Use this URL to cite or link to this record in EThOS: https://ethos.bl.uk/OrderDetails.do?uin=uk.bl.ethos.388639
Title: Pre- and post-prandial human scalp-EEG response to olfactory stimulation, using the brain electrical activity mapping technique
Author: Martin, G. Neil
ISNI:       0000 0001 3619 9996
Awarding Body: University of Warwick
Current Institution: University of Warwick
Date of Award: 1994
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Abstract:
Recent psychophysiological evidence indicates that Central Nervous System activity may be directly affected by olfactory stimulation. The present thesis sought to examine the relationship between the CNS and olfactory perception in a series of three EEG experiments employing food odours as stimuli. Further aims were to explore the effect of food ingestion on psychophysiological behaviour and on the hedonic rating of odours, and to investigate the relationship between odour's affective valence and EEG asymmetry. The areas relating to olfactory psychology are reviewed in detail. Experiment 1 investigated the effects of the ingestion of a lunchtime meal and ambient food odour on the auditory oddball evoked potential. Marked P2(K) amplitude changes were associated with exposure to odour. In most cases, decreases in amplitude were obtained depending on the nature of the stimulus. Effects of meal ingestion were also found for P2(X) with the lunch group showing greater amplitude during the second (post-prandial) session than the unfed control group. A three-way interaction was obtained with the controls showing a significant decrease in P2(X) amplitude during the presentation of the odour of vegetable in the second session in comparison to the lunch group. No effect of odour on P300 amplitude was found. Experiments 2 and 3 examined EEG response to a variety of different actual and synthetic food odorants. Both experiments showed alterations in the theta frequency (in experiment 2, exclusively so). The effect of meal ingestion was variable with controls showing greater alpha activity than the lunch group during the second session in one experiment, but the opposite effect in the other. No alpha-related EEG asymmetry for pleasant or unpleasant odours was found in experiment 2 although asymmetries were obtained for the theta frequency. In experiment 3, however, intra-hemispheric alpha asymmetry was obtained for the most pleasant odour. No effect of lunch was found for the postprandial psychometric rating of food odour suggesting that negative olfactory alliesthesia may not be as robust a phenomenon as gustatory alliesthesia. The hypothesis is put forward that the dominant EEG frequency for the processing of olfactory information is the theta frequency. It is suggested, however, that the effects found in this waveband may be related to the psychometric properties of the odour such as distractability and not due to the odour per se.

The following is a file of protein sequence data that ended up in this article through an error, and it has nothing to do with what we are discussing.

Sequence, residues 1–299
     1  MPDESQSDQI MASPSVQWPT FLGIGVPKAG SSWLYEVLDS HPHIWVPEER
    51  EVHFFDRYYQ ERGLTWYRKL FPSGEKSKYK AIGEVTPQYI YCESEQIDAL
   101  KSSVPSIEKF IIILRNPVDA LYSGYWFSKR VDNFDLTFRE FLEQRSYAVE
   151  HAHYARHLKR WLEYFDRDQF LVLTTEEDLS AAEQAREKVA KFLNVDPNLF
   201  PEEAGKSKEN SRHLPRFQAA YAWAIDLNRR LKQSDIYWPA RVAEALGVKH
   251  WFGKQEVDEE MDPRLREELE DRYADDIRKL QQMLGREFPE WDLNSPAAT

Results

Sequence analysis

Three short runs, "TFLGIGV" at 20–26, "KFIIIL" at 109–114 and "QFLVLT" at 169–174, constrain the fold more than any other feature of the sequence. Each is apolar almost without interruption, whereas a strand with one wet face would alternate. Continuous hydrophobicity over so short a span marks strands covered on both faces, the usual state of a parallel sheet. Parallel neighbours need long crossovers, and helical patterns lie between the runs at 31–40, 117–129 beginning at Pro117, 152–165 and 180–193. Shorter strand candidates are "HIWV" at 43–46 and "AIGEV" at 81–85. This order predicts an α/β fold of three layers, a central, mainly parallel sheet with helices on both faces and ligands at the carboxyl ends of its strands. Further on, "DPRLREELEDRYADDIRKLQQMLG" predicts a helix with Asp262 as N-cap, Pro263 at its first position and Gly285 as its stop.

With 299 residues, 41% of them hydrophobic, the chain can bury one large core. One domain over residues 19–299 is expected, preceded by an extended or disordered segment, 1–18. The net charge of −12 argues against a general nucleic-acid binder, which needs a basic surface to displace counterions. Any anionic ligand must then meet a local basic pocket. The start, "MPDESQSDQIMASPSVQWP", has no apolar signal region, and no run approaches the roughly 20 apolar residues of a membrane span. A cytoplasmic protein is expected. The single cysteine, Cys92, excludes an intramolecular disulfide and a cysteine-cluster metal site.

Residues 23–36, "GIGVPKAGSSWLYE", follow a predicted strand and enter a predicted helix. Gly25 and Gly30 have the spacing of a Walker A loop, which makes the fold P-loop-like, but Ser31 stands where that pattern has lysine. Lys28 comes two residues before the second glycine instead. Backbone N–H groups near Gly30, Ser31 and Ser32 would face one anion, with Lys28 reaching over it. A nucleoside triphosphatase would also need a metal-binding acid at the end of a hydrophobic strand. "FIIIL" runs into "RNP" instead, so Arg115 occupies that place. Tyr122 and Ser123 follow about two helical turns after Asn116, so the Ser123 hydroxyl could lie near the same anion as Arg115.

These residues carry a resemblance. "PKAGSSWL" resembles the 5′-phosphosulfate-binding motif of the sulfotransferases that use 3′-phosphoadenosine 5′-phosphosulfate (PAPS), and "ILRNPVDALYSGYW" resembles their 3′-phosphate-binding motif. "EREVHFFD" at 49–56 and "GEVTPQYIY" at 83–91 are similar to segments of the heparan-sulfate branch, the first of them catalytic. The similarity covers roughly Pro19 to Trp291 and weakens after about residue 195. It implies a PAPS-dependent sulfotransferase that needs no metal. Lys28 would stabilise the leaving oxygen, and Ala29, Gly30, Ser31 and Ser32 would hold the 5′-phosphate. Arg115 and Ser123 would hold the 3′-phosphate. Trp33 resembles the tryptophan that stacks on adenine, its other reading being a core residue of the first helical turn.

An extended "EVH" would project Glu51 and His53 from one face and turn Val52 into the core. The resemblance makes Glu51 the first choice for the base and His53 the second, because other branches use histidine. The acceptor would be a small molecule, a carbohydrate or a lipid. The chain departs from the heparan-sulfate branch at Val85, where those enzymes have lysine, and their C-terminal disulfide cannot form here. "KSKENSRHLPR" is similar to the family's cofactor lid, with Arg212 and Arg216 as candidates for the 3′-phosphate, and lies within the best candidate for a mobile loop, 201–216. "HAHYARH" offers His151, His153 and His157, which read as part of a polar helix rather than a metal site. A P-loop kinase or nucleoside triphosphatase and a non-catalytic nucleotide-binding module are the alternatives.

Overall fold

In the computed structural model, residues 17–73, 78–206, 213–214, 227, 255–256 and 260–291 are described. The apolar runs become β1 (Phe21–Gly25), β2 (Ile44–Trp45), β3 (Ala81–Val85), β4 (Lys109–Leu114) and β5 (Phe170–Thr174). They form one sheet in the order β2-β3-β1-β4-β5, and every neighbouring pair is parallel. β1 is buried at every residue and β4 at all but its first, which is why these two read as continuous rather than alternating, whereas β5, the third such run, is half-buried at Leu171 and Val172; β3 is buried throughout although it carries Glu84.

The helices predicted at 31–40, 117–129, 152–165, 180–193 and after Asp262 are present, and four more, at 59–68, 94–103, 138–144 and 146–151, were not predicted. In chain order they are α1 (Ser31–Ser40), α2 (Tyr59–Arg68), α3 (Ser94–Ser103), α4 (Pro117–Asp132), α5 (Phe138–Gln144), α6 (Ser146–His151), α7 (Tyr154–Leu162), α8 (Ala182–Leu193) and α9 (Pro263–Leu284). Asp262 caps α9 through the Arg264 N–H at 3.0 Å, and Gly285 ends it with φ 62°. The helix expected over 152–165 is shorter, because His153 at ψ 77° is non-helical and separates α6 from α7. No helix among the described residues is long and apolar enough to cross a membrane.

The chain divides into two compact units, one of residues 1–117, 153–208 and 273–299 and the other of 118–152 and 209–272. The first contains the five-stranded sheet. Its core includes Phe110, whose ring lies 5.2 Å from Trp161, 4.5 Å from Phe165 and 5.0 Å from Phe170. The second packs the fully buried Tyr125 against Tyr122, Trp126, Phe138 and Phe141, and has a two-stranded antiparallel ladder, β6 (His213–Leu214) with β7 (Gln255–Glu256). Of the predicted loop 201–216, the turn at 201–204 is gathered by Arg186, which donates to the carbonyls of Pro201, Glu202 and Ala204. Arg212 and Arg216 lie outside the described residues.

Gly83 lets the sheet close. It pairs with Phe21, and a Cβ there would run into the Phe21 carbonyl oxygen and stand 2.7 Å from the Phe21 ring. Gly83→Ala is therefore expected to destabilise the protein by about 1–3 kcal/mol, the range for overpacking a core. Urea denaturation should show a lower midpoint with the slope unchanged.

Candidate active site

Supervisor: Not available Sponsor: Agricultural and Food Research Council ; Quest International
Qualification Name: Thesis (Ph.D.) Qualification Level: Doctoral
EThOS ID: uk.bl.ethos.388639  DOI: Not available
Keywords: BF Psychology
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